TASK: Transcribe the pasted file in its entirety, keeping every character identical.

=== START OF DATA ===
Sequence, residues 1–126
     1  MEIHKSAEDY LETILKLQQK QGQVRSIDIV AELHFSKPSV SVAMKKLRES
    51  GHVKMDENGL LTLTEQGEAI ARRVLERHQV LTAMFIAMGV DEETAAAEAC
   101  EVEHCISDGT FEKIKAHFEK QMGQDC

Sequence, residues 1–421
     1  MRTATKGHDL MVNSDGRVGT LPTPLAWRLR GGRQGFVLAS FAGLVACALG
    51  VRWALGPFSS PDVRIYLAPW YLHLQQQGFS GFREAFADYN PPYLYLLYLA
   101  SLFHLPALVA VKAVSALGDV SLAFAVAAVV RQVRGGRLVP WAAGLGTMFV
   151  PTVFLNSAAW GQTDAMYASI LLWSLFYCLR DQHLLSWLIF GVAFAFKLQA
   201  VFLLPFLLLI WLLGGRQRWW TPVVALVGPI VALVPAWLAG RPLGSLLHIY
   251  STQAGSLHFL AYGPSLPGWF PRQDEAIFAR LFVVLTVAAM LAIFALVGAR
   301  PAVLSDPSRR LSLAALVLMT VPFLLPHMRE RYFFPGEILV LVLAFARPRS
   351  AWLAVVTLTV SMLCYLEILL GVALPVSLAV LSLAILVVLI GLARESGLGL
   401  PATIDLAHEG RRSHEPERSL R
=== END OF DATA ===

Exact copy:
Sequence, residues 1–126
     1  MEIHKSAEDY LETILKLQQK QGQVRSIDIV AELHFSKPSV SVAMKKLRES
    51  GHVKMDENGL LTLTEQGEAI ARRVLERHQV LTAMFIAMGV DEETAAAEAC
   101  EVEHCISDGT FEKIKAHFEK QMGQDC

Sequence, residues 1–421
     1  MRTATKGHDL MVNSDGRVGT LPTPLAWRLR GGRQGFVLAS FAGLVACALG
    51  VRWALGPFSS PDVRIYLAPW YLHLQQQGFS GFREAFADYN PPYLYLLYLA
   101  SLFHLPALVA VKAVSALGDV SLAFAVAAVV RQVRGGRLVP WAAGLGTMFV
   151  PTVFLNSAAW GQTDAMYASI LLWSLFYCLR DQHLLSWLIF GVAFAFKLQA
   201  VFLLPFLLLI WLLGGRQRWW TPVVALVGPI VALVPAWLAG RPLGSLLHIY
   251  STQAGSLHFL AYGPSLPGWF PRQDEAIFAR LFVVLTVAAM LAIFALVGAR
   301  PAVLSDPSRR LSLAALVLMT VPFLLPHMRE RYFFPGEILV LVLAFARPRS
   351  AWLAVVTLTV SMLCYLEILL GVALPVSLAV LSLAILVVLI GLARESGLGL
   401  PATIDLAHEG RRSHEPERSL R